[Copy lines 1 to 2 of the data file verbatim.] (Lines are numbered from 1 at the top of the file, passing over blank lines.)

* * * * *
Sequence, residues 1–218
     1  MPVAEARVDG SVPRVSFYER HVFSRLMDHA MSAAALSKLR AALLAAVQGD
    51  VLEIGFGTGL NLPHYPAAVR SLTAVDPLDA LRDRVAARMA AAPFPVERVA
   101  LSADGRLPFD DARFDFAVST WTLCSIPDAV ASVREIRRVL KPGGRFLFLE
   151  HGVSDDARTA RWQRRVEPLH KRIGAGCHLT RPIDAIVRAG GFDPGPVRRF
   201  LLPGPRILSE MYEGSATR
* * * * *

Sequence, residues 1–218
     1  MPVAEARVDG SVPRVSFYER HVFSRLMDHA MSAAALSKLR AALLAAVQGD